The NCAA Just Fixed … Nothing
Another college sports scandal yields another lame commission report. Enough of that. Just pay the players.
There are two ways to fix college sports.
One is to stop pretending that “amateurism” is the heart and soul of a big business and begin paying football and men’s basketball players. College athletes take money under the table now because they know they have more economic value than what they’re allowed to collect, which is the value of a scholarship. Putting the money on the table would eliminate 90 percent of the so-called scandals that have rocked college sports.
The other is to follow the example of baseball and hockey, two sports that give gifted athletes a choice when they finish high school: a minor-league professional path or a college path. Those who choose college aren’t eligible for the baseball or hockey drafts for three years. Which means that athletes who choose college genuinely want to be there. (When is the last time you heard of a college baseball scandal?)
To the surprise of absolutely no one, the Commission on College Basketball, which was hastily put together by the National Collegiate Athletic Association after the Federal Bureau of Investigation arrested four assistant coaches and a half-dozen others on bribery charges last fall, chose neither option when it announced its list of proposed reforms Wednesday morning. Instead, every step forward was followed by two steps backward. If the reforms laid out by the commission’s chair, Condoleezza Rice, were adopted, players would have a little more freedom to explore professional options. But the NCAA would wind up being more powerful, more punitive and more bureaucratic.
The good news first: The commission wants to eliminate one-and-done basketball players, the ones who go to college for a semester knowing they will jump to the pros as soon as their freshman season ends. The one-and-done phenomenon is the result of a National Basketball Association rule that requires basketball players to be 19 before becoming eligible for the draft. Since both Adam Silver, the NBA commissioner, and Michelle Roberts, the head of the players’ union, have both come out against the restriction that created the one-and-done player, it’s safe to say that it will be going away, allowing high school players to jump directly to the pros.
Although this was not part of the commission’s proposals, basketball players would also be well served if the NBA bolstered — and marketed — the minor league that it does run. Not every player who wants to go to the NBA is ready to make the leap directly from high school. But the NBA’s minor league gets little publicity, and the minimum salary is a paltry $35,000. Raising the minimum to $60,000 or so would draw players who prefer to go the professional route instead of college.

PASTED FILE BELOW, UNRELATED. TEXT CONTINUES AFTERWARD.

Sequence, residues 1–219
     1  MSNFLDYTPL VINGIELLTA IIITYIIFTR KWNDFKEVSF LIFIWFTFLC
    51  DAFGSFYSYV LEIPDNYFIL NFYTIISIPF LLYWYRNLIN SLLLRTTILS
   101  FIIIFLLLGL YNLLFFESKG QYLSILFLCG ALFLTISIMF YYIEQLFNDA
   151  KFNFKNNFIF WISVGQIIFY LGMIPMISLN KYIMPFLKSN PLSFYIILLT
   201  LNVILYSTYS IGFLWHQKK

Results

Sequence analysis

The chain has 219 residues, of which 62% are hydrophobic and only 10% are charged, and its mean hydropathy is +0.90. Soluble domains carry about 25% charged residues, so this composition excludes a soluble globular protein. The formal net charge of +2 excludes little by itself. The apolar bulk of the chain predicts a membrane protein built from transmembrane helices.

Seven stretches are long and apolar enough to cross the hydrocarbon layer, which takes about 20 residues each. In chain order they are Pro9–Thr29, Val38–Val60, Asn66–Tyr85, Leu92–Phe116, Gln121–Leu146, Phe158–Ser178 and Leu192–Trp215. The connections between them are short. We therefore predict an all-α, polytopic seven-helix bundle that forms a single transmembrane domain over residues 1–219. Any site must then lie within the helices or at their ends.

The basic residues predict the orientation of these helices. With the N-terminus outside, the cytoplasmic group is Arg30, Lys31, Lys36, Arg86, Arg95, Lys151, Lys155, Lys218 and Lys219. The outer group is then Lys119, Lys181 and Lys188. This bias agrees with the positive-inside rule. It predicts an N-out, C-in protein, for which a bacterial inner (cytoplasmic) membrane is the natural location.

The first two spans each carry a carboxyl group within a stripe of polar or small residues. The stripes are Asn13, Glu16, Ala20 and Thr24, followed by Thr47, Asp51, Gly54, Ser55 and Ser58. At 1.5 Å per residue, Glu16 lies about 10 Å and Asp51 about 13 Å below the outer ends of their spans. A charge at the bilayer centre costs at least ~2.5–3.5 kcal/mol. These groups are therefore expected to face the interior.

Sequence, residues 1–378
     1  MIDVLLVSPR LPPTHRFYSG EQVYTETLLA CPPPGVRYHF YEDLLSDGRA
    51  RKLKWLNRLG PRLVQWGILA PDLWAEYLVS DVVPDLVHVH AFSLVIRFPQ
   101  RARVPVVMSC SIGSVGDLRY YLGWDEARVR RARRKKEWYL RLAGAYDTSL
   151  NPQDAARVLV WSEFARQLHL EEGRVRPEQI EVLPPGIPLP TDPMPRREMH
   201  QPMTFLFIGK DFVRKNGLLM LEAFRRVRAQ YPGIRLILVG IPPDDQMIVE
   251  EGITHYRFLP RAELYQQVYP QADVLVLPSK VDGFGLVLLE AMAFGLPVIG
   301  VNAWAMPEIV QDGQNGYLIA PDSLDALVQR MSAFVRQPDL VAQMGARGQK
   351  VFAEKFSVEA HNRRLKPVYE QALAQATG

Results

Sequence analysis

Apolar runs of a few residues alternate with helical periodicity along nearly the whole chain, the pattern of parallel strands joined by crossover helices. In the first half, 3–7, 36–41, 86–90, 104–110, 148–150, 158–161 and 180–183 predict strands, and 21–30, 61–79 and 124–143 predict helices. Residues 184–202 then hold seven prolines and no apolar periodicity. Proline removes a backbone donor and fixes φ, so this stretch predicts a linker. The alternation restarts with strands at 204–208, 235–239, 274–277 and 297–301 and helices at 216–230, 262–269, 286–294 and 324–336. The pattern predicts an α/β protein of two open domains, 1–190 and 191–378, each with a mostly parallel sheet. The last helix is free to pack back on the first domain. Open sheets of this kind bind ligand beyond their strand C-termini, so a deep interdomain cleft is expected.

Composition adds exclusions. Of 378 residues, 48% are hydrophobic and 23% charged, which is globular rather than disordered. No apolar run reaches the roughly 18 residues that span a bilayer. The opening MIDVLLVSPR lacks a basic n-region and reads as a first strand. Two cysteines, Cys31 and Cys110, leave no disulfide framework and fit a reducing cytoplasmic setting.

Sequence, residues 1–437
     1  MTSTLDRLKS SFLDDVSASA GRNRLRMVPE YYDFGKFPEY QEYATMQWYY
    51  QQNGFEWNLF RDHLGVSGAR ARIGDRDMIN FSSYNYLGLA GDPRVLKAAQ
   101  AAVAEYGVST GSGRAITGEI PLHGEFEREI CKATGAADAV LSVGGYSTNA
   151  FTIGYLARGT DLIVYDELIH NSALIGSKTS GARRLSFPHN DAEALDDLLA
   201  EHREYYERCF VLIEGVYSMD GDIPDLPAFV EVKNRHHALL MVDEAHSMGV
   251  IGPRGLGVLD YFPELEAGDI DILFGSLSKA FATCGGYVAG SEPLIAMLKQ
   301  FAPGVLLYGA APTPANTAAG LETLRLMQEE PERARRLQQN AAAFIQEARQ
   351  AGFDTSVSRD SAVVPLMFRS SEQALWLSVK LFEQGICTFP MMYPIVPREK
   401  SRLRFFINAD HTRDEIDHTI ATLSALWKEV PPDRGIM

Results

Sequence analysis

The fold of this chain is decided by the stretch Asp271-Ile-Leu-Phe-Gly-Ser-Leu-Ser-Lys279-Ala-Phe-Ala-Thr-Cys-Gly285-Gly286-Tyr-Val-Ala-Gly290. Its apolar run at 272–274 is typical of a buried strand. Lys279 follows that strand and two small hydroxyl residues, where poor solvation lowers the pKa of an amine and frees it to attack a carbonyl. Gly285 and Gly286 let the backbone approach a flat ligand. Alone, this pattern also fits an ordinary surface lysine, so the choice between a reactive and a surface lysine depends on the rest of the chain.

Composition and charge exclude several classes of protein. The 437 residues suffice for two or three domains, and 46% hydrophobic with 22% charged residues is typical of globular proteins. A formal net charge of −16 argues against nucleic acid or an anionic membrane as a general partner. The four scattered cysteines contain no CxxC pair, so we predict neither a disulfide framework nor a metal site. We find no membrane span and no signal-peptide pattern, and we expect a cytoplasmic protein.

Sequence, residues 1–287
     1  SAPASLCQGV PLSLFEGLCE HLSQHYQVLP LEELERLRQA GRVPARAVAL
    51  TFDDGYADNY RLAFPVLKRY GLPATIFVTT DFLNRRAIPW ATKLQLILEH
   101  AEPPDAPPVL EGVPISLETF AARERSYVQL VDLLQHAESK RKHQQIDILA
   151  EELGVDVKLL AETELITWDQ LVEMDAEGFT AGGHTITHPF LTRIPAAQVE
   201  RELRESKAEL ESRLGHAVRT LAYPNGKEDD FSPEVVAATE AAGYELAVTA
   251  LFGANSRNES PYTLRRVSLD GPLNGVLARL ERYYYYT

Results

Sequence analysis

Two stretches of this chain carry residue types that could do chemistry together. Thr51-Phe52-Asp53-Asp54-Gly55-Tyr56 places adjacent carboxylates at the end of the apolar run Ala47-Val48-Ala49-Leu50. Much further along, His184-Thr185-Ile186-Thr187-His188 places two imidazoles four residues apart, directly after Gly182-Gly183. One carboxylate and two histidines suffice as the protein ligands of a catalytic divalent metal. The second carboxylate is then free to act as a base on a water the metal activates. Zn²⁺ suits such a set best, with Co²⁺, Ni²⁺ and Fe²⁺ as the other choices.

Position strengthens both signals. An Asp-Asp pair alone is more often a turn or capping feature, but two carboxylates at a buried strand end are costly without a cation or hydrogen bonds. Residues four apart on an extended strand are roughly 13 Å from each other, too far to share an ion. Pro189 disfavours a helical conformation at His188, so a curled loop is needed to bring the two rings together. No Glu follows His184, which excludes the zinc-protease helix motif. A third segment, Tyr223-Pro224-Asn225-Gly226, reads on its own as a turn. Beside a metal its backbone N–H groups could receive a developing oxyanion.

Rice proposed two other sensible ideas. One would allow players to have agents to help them make decisions, with the NCAA certifying the agents as the major league unions do. The other would allow a player to return to college if he is undrafted. These are things that should have been done years ago. The appalling unfairness of not allowing an athlete to get grown-up advice has long been obvious.
From there, alas, it was all downhill. The commission wants to ratchet up punishments for major infractions: suspensions for up to a year for coaches, five-year postseason bans, steep financial penalties. It wants to start outsourcing its investigations and its rulings on infractions. It wants the NCAA to be able to police academic fraud, even though it really has no legitimate role in the classroom. It wants to automatically punish any school that does not cooperate with an NCAA investigation. It wants the NCAA to begin taking more control of the teenage leagues that have proliferated, and regulate summer basketball camps. It wants shoe companies to disclose the money they pour into youth basketball.
These proposals exemplify the worst of the NCAA: its lack of regard for due process (unmentioned by Rice), its constant efforts to reach into areas where it has no legitimate business (Nike has to follow NCAA rules?), and its authoritarian impulses. And, as always, its refusal to acknowledge that college sports has become a multi-billion-dollar business that uses its power over teenagers to prevent its labor force from being compensated.
Early in her remarks, Rice noted the value of an athletic scholarship, and mentioned the advantage ballplayers enjoy over non-athletes who often have to borrow tens of thousands of dollars to pay for college. What she failed to note is that star athletes at big-time basketball or football programs have a market value that far exceeds the $50,000 a year a scholarship represents. And the players know it too — that’s why they are willing to take money that is offered by agents or shoe companies. That’s the core problem the NCAA won’t fix.
Since the 1980s, there have probably been a half-dozen efforts to reform college sports. They have usually been provoked by a scandal, and they have always resulted in reforms that never addressed the fact that the market is more powerful than the NCAA’s efforts to suppress it.
Several times, Rice used the phrase “the collegiate model.” That is a term coined by Myles Brand, the president of the NCAA from 2003 until his death in 2009. As he defined it, the collegiate model was a system that allowed for profit maximization for universities, conferences and the NCAA itself. But the workers — the athletes — played purely for the love of the game.
That model has never worked, and it never will. When will the NCAA form a commission that finally acknowledges that truth?
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Jonathan Landman at firstname.lastname@example.org